Nektar will book all global revenues and keep 65% of global profits
Upfront payment of $1 billion and premium equity investment of $850 million at $102.60/sh
Nektar maintains pricing and distribution control
Collaboration commences 2Q 2018
The collaboration puts Nekatar in a very strong financial position to develop N-214, (and other meds in the pipeline)
It will initiate 20 studies with BMS, 15,000 patients in 9 tumor types
All will start within 14 months of collaboration commencement
First two Phase 3 studies will start 2Q 2018 in melanoma and renal cell carcinoma
They then gave updates on the response rates to N-214 in the PIVOT study, which improved from 46% at initial presentation last year to 57% later, but has now increased to 71%.
In all cancers studied, response rate is now 60% among all comers that are PD-L1 negative
NO DISCONTINUATION DUE TO ADVERSE EVENTS related to treatment!
2nd Phase involves 330 more patients with 5 different tumor types by end of Q3 2018
Adding 3 new cohorts in 2Q 2018: colorectal, gastric and small cell lung cancer
They plan to initiate additional collaborative agreements with other anti-cancer agents this year
Other potential uses for N-214 are promising in pre-clinical studies including vaccines
NKTR 262 - They also seemed very excited about the potential combination of N-214 and N-262 with and without Opdivo, and listening to them got me excited as well. 214/262 combo trial starts this month with plan to enroll 400 patients with 8 tumor types. Initial data expected 4Q 2018. They don’t talk much about NKTR-262. It’s difficult to find a lot of information on it.
NKTR-262 is a small molecule agonist that targets toll-like receptors (TLRs) found on immune cells. It is designed to overcome the body’s dysfunction of antigen-presenting cells (APC), such as dendritic cells, which are critical to adaptive immunity and create antigen-specific cytotoxic T cells. In preclinical, a single intra-tumoral dose of NKTR-262, administered in combination with NKTR-214, resulted in complete abscopal effects in multiple tumor models.
Saul’s comment: The abscopal effect is a phenomenon in the treatment of metastatic cancer, where localized treatment of a base tumor causes not only a shrinking of the treated tumor, but also a shrinking of metastases throughout the body. This is very exciting results!!!
My take (Saul) was: This could be very, VERY big. This could become a HUGE company. I will buy back in.
Look at the difference between this and Kite, for instance. Kite’s medication had to be custom made for each patient. This meant, they had to draw blood samples, send them back to a central lab, do whatever they had to do to the T-cells, and then send them back to be re-injected into the patient, some weeks later. This made the cost very high. It had dangerous, life-threatening side-effects potentially, and people who took the medication had to expect to get very sick from the medication for a while. This was pretty much their main medication that had made any progress. But they got bought out for $7 billion.
On the other hand, Nektar-214 can just be used off the shelf, in combination with a lot of other companies’ medications. It has practically no severe side-effects. It has a very high response rate. And in combination with Nektar’s own Nektar-262, it can potentially wipe out metastases throughout the body. Wow!!! If this pans out it will be a jet plane compared to Kite’s hand-cranked Model-T Ford.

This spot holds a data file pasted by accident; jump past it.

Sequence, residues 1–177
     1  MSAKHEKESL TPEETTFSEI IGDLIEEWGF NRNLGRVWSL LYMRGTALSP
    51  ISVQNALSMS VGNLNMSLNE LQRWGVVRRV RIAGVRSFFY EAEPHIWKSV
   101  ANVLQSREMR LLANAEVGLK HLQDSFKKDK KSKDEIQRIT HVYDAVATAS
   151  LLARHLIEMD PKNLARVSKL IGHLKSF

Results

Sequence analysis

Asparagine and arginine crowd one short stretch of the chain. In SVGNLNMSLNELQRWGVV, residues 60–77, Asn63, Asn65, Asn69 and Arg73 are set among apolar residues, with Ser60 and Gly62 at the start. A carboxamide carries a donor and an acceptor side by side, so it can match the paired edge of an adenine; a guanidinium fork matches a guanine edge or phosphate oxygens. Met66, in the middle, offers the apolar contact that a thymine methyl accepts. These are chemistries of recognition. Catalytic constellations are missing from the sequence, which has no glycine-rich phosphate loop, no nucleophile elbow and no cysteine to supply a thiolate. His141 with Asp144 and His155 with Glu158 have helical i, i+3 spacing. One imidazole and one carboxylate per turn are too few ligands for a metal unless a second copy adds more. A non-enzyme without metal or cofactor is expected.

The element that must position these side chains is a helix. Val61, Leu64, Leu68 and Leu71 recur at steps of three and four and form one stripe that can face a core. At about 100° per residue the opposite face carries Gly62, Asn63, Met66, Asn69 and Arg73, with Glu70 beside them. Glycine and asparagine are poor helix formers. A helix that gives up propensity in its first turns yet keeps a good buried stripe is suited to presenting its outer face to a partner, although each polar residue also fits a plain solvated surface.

And now, last Friday, in case you thought this was all a mirage, Nektar gets put into the S&P 500!!! Put into the S&P 500!!! You heard that right!!! This is no longer a little no-name company like Kite or Juno or whatever. It’s replacing Chesapeake Oil in the S&P ! Can you remember when Chesapeake was a big deal, and no-one had ever heard of Nektar? I can. How the world changes.
And let’s not forget that $1,000,000,000 up front payment from Bristol Myers! A billion dollars! That’s a thousand million. And it’s not even an exclusive! And Nektar retains control of just about everything. And Nektar gets 65% of global profits. It sure sounds like Bristol felt that Nektar had something valuable to sell, and that Nektar was in a good negotiating position, doesn’t it?
At any rate, after reading HeartMD’s post and reviewing my notes on Nektar, I started buying last Monday (Mar 5) at $96 for my lowest price. It was after I spent part of the weekend (Mar 3-4) evaluating all the above, especially HeartMD’s latest summary of the CC. I was fortunate because Nektar had pulled back some from its big run up after earnings. I kept adding all of last week, all the way up to $109. I added my last bit this morning in the pre-market.
I think my pattern of buying illustrated three things about my investing style.
First, I had sold out in February, but I didn’t hesitate to change my mind.
Second, on price anchoring. I knew that the prices I was buying at were higher than where I had sold out in February, but I didn’t even bother looking up where I had sold. It was irrelevant to my current decision. And I certainly wasn’t going to wait around in the hope that the price would get back down to take my position. (I just looked up my February exit position. It was roughly $76).
Third, I was happy to keep buying as the price moved up. It validated my decision to buy. After the run-up after the earnings report, some people took profits, pushing the price down to $96 from an intraweek high about $105 the week before, but then the upward movement started up again.
I hope that this will be a nice long ride.
Best to you all,